Check out the advanced box score from last night’s 109-95 Nets loss here.
- First, the good: Brook Lopez had himself yet another sound game, scoring inside (mostly on tip-ins and shots near the rim) and putting together another decent enough rebounding night (18.9% of all available rebounds) to continually quell the “he can’t rebound” brigade. Unfortunately for the Nets, his biggest weakness (speedy defense) was exposed with the rest of the roster during Atlanta’s transition bucket brigade Wednesday night. But without question, he was the silver lining surrounding the dark cloud.
The only thing that keeps Lopez from a being a double-double threat (note: “threat,” not “monster” or “guarantee”) every night is that both Johnson and Carlesimo keep him on a relatively consistent leash around 30 minutes. Part of that is because Andray Blatche deserves those extra minutes, but it’s also due to the fact that Lopez isn’t someone the Nets want to wear out quickly. He’s not an athletic marvel that should play 36-40 minutes night in and night out like Joe Johnson and Deron Williams. Save his body for the playoffs while keeping him active. Fine with me.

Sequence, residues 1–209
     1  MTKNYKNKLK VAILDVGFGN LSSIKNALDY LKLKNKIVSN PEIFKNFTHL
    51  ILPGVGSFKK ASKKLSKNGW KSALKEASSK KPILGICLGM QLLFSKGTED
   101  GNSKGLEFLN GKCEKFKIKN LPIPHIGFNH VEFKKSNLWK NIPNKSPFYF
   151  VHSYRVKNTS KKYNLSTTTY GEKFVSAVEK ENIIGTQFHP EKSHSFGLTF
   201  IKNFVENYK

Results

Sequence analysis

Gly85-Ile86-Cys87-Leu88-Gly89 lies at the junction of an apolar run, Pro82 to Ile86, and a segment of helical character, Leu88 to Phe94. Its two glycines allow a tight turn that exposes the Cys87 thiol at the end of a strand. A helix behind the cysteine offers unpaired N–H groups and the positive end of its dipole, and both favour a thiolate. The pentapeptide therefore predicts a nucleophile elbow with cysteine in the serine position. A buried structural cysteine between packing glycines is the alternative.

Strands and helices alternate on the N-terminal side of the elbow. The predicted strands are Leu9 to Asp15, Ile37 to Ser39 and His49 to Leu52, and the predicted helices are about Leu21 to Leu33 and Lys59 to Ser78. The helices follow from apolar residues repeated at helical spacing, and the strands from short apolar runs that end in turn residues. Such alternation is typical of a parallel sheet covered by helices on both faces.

- Now, the bad: Deron Williams Wednesday was the antithesis to Deron Williams Tuesday; though his peripheral stats were fine (nine assists, five rebounds, only one turnover), Williams stood no chance cutting off Teague or Harris on their way to the rim, didn’t defend well (perhaps because of miscommunications) when they shot from outside, and shot 5-18 from the field, 2-9 from beyond the arc and 1-5 from midrange.
The only player that looked worse than Williams — and perhaps Bogans, who was 0-6 from the field, all from deep — was his backcourt counterpart Johnson, who upon return to his old Atlanta stomping grounds, looked like the player the Nets don’t want to resurface; the stumbling isolationist artist that couldn’t handle double-teams. In fairness to Johnson, he doesn’t feel like those double-teams were effective, but his teammates